The movement creates an opportunity for an inclusive participation of different religious groups for a common goal of democracy.
The current revolutionary movement is known as adharma taik bwe in Burmese, which translates as the “just fight against injustices” or “just fight against evil.” Adharma is a Buddhist Sanskrit word which means “what goes against dharma (truth),” or more literally “not-dharma.” It has connotations of evil, immorality, and wrong. The movement creates an opportunity for an inclusive participation of different religious groups for a common goal of democracy.
The urgency of resisting the military coup has brought together protesters from different religions. Generation Z, who are the leaders of this movement, often say in the spirit of unity, “There is no Christian, Muslim, Hindu, or Buddhist; there is only people of Myanmar.”
We must remember that the persons who led the first mass protests against the military coup come from minority ethnic backgrounds. On February 6, 2021, two young minority ethnic women—Ei Thinzar Maung and Esther Ze Naw—led the first anti-coup protests at the frontlines in Yangon. Soon after, the vast majority of people from different religions, ethnicities, and genders joined the nationwide protests. What makes this movement quite unique is the way young people actively and courageously lead the protests. Their goals are not to gain political status, but simply to defeat dictatorship.
Is Buddhism a Democratic Religion? A Moral Approach
The answer depends on how we understand democracy. According to U Chan Htoon, secretary general of the Buddha Sasana Council, Buddhism is a democratic religion on the basis of its emphasis on self-reliance and freedom of will and choice. Buddhism rejects all forms of authoritarian and dictatorial regimes. Similarly, a Sri Lankan Buddhist declared that “democracy is not something new in Asia and is not Western imposed as many people in the West seem to think.” Democracy is inherent in the very principle of Buddhist doctrine of individual freedom, nonviolence, human rights, and human responsibility for the individual and collective service of the common good of the nation.
As Suu Kyi argues in her famed book Freedom from Fear, 10 duties of Buddhist rulers are widely known as a yardstick for modern government. These duties include: “liberality, morality, self-sacrifice, integrity, kindness, austerity, non-anger, non-violence, forbearance, and non-opposition (to the will of the people).” In light of these duties, it is very clear that the military rulers’ actions are not democratic at all. Their duties are to respect the will of the people, to seek the welfare of the country, and to protect the people from colonial rule. Instead, they are another oppressor of their own people in the post-independence era.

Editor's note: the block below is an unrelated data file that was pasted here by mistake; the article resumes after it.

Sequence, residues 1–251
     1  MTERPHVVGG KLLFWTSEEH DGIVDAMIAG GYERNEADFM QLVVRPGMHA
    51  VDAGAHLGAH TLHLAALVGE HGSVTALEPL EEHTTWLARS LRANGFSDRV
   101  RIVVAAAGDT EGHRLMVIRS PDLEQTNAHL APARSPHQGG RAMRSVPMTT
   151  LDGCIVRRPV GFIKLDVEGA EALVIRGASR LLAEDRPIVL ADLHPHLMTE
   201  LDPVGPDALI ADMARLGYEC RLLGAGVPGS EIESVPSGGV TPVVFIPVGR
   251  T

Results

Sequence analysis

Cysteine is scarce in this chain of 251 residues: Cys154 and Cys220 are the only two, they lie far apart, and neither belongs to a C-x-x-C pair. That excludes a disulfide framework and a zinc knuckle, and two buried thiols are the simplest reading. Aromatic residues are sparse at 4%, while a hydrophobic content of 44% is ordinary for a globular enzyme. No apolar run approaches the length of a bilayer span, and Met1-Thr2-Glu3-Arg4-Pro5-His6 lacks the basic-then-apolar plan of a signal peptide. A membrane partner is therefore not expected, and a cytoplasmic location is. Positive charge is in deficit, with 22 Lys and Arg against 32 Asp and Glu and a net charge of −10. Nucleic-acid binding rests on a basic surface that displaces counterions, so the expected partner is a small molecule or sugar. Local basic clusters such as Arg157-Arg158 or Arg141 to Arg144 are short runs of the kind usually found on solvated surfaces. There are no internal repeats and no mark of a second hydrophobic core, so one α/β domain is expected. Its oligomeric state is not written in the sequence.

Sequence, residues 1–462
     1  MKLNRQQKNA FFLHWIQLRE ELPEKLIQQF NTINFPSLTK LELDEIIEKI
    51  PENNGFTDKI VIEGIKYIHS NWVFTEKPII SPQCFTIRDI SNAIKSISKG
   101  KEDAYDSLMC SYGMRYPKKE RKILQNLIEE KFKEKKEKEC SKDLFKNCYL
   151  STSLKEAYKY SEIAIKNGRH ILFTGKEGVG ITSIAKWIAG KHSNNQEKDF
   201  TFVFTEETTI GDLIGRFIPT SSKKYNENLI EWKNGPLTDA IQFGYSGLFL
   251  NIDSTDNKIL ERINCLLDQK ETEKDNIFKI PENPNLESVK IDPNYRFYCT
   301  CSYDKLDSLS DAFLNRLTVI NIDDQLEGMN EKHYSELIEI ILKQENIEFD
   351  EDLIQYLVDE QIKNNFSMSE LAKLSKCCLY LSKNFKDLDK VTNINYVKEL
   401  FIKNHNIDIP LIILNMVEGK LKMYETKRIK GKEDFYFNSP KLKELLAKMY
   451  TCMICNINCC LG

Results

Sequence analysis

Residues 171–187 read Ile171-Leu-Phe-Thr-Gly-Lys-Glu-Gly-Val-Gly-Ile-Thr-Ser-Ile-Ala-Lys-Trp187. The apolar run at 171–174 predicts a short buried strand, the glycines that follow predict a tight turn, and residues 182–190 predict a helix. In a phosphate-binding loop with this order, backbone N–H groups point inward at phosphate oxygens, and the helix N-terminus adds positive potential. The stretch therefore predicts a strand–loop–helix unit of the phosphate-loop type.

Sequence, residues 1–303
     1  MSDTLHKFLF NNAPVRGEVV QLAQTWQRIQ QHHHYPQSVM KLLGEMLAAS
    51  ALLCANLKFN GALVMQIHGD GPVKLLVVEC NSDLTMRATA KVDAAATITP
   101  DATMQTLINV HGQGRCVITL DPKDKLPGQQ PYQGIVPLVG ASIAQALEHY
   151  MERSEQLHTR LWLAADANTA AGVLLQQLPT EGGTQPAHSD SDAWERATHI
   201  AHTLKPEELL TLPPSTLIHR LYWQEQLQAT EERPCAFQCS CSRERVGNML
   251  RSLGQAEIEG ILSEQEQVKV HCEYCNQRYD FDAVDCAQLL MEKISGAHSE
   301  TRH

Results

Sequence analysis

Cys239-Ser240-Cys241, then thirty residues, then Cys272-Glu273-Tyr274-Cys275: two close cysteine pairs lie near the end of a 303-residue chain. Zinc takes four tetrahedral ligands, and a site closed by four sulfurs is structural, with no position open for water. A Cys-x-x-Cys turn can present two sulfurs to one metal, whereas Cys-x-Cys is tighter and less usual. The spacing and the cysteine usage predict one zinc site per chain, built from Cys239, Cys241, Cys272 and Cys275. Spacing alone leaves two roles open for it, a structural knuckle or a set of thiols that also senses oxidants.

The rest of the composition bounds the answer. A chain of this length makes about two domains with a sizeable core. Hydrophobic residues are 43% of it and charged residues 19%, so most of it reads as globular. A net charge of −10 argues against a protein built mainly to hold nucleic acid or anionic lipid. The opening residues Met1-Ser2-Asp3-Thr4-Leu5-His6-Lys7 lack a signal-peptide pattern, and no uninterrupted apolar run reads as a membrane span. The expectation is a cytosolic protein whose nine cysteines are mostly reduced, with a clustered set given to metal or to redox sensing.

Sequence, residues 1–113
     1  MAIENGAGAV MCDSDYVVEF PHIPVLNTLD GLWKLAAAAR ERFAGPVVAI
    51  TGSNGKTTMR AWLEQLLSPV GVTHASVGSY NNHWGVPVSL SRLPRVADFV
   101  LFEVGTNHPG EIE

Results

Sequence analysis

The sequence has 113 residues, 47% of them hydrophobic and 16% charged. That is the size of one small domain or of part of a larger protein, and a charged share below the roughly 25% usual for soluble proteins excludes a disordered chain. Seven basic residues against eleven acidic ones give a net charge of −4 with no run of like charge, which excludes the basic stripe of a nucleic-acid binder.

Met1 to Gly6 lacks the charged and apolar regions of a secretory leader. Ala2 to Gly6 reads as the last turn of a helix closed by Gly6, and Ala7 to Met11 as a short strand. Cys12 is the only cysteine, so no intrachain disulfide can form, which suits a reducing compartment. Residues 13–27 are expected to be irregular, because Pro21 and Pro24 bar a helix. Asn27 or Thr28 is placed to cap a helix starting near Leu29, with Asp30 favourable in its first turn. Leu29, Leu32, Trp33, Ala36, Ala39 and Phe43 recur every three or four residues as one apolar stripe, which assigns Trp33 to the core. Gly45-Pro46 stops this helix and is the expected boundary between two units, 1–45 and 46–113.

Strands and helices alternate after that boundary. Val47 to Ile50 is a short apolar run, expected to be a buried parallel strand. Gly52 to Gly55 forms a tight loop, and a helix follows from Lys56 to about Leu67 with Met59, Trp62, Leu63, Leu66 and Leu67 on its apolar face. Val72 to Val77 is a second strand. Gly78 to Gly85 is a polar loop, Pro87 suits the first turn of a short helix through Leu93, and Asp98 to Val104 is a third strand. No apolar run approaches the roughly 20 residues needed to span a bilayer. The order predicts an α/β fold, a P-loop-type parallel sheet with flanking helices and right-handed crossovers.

If Buddhism is a democratic religion, yet the self-claimed Buddhist dictators fail to practice the moral belief of Buddhism, our task is necessarily to condemn them as “anti-Buddhists” whose beliefs and practices oppose the moral teachings of the Buddha as their god and moral guide. We must confront and correct their immoral practices of dictatorship. The goal is twofold: (1) to liberate the self-claimed Buddhist dictators from immoral ideologies and practices; and (2) to liberate the oppressed civilians from political oppression of the regime. One is moral liberation, and the other is political liberation.
A religious approach to moral liberation of the self-claimed Buddhist dictators does not merely aim at changes to governing policies and constitutions, but it aims at genuine changes to their beliefs and behaviors.
Myanmar needs this “reciprocal liberation.” There is no genuine political liberation of the oppressed without moral liberation of the military regime. A religious approach to moral liberation of the self-claimed Buddhist dictators does not merely aim at changes to governing policies and constitutions, but it aims at genuine changes to their beliefs and behaviors.
The reciprocal liberation would not come voluntarily. It is achievable only through the actions of confronting and correcting the Buddhist dictatorial nationalism and totalitarianism. At writing, a new democratic government, the Committee Representing Pyidaungsu Hluttaw, has declared on March 31, 2021 that the undemocratic 2008 constitution drafted by the regime has been abolished and is no longer valid. This is a good step in moving toward a new vision of democracy by confronting the present reality of dictatorship.
Journeying toward a vision of democracy, the people of Myanmar firmly embrace a threefold ethic: “lament, protest, and hope.” Lament calls for them to weep with the fallen heroes and wounded victims (feeling). Protest calls for them to confront and correct dictators (action). Hope energizes their democratic vision in the midst of despair and fear (imagination). While the people of Myanmar’s protests against the coup have been extraordinarily amazing in all dimensions, they also need the international community’s strong solidarity in their fights for democracy.